Last night at Facebook HQ, CEO Mark Zuckerberg gave a public Q&A, similar to the one he held back in November. The evening was full of praises for Zuckerberg and his company, and lots of fluff questions were thrown the CEO’s way. But one brave soul dared ask Zuck what the Internet at large has been asking for years:
Where is the Dislike button?
According to Zuckerberg, Facebook is considering adding it. “We’re thinking about it,” he said. “The Like button is really valuable because it’s a way for you to very quickly express positive emotion or sentiment when someone puts themselves out there and shares something.
“…[But] there are more sentiments that people want to express than just positivity or that they like something.” Zuckerberg related to the Like button problem plaguing us all: Sometimes it’s just not appropriate. “A lot of times people share things on Facebook that are sad moments in their lives, or are tough cultural or social things, and often people tell us they aren’t comfortable pressing Like.”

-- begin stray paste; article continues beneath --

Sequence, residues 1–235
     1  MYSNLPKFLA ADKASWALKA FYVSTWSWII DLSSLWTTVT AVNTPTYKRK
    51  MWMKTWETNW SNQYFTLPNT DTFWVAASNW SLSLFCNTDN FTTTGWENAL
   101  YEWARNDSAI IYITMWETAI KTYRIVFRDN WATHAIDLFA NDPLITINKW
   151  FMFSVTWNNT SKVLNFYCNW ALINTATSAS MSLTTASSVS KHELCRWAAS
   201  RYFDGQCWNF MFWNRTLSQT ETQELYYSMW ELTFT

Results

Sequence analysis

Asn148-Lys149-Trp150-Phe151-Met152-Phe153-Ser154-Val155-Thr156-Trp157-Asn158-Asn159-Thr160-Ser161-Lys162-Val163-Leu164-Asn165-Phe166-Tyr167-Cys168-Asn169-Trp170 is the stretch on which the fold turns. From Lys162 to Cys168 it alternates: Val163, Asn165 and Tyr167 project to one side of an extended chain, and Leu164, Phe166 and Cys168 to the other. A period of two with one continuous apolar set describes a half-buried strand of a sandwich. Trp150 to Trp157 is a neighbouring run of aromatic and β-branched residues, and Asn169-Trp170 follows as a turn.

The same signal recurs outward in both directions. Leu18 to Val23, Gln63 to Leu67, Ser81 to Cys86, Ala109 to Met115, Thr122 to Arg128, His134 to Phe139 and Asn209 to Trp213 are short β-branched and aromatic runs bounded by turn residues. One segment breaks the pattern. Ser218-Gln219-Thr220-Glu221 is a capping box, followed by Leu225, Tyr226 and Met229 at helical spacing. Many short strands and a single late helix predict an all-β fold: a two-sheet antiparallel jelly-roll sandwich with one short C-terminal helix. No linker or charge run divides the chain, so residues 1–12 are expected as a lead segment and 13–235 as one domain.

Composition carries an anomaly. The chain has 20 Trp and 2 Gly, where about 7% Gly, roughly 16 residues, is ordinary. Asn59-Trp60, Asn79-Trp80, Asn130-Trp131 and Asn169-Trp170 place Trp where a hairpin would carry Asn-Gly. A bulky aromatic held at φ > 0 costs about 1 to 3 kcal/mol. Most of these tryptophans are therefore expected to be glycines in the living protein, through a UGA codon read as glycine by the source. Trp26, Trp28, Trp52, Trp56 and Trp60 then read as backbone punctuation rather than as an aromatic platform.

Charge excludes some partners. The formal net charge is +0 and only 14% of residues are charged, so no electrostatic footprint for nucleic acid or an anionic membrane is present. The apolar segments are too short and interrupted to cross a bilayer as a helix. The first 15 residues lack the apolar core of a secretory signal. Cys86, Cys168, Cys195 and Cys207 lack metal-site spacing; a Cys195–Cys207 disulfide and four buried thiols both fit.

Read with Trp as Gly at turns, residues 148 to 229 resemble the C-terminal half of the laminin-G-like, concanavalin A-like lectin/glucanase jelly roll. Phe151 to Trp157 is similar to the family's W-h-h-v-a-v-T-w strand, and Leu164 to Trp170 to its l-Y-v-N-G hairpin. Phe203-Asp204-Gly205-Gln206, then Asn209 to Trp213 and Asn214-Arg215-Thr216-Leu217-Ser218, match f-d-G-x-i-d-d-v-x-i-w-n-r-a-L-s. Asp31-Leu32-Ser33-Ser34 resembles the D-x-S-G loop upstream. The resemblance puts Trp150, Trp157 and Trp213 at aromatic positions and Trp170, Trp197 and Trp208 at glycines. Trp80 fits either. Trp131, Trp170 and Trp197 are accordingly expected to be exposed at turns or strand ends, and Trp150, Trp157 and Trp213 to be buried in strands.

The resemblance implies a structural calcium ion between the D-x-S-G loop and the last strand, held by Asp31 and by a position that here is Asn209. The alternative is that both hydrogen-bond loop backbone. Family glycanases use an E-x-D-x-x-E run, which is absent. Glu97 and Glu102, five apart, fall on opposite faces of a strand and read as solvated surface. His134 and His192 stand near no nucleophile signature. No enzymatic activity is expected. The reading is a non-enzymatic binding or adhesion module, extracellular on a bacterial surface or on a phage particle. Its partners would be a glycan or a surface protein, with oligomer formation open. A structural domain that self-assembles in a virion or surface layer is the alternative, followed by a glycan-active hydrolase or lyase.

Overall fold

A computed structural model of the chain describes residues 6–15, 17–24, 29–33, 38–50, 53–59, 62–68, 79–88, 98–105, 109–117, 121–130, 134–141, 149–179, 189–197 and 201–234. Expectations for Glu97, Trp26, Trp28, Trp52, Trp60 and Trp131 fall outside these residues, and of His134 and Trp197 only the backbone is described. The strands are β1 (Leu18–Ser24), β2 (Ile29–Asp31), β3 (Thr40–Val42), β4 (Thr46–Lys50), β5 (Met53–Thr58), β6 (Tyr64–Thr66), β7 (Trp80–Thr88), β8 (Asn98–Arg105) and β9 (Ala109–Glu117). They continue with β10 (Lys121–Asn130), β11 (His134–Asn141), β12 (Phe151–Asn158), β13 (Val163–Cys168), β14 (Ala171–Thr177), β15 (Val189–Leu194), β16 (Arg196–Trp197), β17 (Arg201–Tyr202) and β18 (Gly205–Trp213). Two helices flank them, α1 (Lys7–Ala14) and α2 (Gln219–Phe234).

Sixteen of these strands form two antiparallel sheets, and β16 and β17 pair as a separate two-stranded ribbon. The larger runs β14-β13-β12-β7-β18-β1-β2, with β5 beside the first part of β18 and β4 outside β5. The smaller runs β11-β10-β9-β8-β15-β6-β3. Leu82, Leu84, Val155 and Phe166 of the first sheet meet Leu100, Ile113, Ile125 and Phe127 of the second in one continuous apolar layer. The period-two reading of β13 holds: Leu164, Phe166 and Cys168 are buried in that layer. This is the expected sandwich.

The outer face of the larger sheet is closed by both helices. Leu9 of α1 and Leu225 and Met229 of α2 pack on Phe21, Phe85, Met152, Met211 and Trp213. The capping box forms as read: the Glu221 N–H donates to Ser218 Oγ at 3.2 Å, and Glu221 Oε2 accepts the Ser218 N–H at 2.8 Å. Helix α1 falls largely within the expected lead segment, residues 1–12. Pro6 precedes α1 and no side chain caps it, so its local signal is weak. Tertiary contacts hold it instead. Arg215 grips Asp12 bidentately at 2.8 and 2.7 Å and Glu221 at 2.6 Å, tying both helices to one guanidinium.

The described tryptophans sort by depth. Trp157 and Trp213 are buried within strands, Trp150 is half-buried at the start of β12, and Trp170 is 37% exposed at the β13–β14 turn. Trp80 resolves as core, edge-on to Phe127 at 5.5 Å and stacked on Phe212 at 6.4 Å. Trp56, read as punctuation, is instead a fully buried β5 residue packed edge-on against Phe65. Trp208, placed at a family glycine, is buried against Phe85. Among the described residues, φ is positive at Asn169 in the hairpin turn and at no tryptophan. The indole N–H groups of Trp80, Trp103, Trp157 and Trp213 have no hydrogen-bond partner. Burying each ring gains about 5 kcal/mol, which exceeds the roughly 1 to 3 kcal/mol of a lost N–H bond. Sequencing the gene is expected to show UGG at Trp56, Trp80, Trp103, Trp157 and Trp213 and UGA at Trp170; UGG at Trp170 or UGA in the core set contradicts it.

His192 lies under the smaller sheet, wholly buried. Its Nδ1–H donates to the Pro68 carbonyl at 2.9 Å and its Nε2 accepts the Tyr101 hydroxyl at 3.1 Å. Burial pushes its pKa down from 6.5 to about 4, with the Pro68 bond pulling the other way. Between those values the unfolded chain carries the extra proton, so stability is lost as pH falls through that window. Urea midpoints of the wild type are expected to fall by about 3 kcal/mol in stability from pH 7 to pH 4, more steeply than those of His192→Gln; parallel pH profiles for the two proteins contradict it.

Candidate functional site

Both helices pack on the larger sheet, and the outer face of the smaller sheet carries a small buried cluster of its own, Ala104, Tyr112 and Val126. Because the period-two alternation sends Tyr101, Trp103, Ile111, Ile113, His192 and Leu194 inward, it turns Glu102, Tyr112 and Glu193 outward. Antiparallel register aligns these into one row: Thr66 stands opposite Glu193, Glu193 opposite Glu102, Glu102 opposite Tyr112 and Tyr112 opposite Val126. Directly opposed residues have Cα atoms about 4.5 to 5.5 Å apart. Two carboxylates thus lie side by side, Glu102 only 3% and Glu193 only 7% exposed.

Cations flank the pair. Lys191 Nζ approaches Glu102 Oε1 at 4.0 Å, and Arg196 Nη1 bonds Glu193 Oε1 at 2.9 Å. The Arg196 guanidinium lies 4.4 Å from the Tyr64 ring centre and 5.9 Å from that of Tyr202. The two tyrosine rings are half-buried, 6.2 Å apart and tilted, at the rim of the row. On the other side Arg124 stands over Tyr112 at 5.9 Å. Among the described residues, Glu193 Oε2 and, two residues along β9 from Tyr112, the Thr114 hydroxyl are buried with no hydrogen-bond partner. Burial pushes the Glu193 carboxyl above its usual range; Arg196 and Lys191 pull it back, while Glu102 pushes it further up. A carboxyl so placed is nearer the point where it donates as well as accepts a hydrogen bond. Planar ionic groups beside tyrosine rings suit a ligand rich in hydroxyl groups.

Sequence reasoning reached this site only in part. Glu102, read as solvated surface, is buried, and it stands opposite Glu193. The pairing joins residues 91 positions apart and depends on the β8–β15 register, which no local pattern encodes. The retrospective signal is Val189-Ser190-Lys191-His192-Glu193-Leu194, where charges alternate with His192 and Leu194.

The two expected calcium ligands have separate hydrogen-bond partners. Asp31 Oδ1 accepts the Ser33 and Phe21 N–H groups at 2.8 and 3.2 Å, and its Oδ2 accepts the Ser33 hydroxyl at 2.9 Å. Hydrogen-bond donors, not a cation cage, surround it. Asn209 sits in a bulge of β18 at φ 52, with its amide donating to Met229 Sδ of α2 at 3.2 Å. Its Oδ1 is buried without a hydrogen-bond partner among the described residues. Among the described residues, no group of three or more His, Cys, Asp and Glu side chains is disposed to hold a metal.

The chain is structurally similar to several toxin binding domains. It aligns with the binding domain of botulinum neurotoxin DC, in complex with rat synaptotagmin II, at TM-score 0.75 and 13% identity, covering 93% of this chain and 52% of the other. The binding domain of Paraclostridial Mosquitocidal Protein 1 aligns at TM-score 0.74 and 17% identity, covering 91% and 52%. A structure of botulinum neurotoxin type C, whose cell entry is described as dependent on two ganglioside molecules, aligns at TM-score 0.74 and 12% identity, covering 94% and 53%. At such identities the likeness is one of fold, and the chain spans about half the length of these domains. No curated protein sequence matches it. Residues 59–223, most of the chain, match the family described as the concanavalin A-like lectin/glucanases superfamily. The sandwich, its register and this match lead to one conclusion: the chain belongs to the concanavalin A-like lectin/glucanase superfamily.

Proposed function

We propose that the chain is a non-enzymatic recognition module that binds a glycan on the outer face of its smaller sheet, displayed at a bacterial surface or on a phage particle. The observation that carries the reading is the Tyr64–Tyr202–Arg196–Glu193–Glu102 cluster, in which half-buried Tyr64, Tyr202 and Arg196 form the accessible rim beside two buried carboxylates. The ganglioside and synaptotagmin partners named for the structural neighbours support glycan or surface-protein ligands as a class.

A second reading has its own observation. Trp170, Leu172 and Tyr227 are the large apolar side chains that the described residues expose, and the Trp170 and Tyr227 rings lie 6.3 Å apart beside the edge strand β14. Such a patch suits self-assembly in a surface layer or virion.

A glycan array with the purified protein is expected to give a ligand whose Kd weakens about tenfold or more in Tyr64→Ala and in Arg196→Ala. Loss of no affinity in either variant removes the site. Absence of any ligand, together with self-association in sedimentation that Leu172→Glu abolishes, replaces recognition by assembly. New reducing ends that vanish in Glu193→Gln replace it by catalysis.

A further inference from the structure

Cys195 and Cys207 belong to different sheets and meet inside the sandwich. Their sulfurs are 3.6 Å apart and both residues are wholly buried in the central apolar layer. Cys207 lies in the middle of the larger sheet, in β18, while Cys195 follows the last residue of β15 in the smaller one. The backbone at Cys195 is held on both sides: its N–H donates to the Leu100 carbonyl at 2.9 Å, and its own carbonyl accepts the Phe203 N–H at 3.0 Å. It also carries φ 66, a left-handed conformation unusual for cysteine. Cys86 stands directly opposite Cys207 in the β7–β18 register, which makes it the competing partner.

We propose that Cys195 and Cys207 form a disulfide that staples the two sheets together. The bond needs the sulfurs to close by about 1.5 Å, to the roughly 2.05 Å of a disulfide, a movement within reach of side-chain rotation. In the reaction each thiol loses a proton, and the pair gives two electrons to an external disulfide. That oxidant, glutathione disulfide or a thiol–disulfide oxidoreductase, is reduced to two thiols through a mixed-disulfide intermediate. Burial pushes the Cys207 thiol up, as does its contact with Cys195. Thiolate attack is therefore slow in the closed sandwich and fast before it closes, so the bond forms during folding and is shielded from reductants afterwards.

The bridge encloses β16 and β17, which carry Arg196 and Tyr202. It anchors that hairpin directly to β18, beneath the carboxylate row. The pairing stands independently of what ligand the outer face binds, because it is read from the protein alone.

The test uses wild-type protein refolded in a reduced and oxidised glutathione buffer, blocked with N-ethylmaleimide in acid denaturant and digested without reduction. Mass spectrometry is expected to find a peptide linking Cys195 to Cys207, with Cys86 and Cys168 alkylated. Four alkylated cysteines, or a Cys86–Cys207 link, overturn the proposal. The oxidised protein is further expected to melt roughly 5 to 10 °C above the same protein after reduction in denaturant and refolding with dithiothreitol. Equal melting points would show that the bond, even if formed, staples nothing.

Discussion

We all wage this battle daily. When someone posts something about a breakup or shares an Eric Garner video, we may feel inspired to react, but a flimsy thumbs-up isn’t the way to do it.
But is the answer a Dislike button? Facebook’s still working on that, trying to figure out how to take something that inherently sounds so negative and use it as a “force for good,” as Zuckerberg said.
He’s definitely right about the Like button not being appropriate for everything, but it’s difficult not to imagine legions of Facebook trolls out there who will immediately begin abusing the Dislike button. Honestly, I know a handful of my own jerk friends who wouldn’t hesitate to pull that trigger on someone’s personal post just to be “funny.” I think Zuckerberg might not realize the depravity we normals wallow in.
In other news, the Q&A revealed that Zuckerberg has come incredibly far as a public speaker (remember these days?), that the real-name policy isn’t going anywhere, the CEO’s New Year’s resolution this year was to write thank you notes every day, Facebook is relishing its place as a platform for public discourse, and more apps are in the works.
You can catch highlights from the event below. Skip to the 33-minute mark for a hilarious interaction in which a local resident calls out Facebook for increasing home prices and a short misunderstanding results in Zuckerberg saying “my bad.”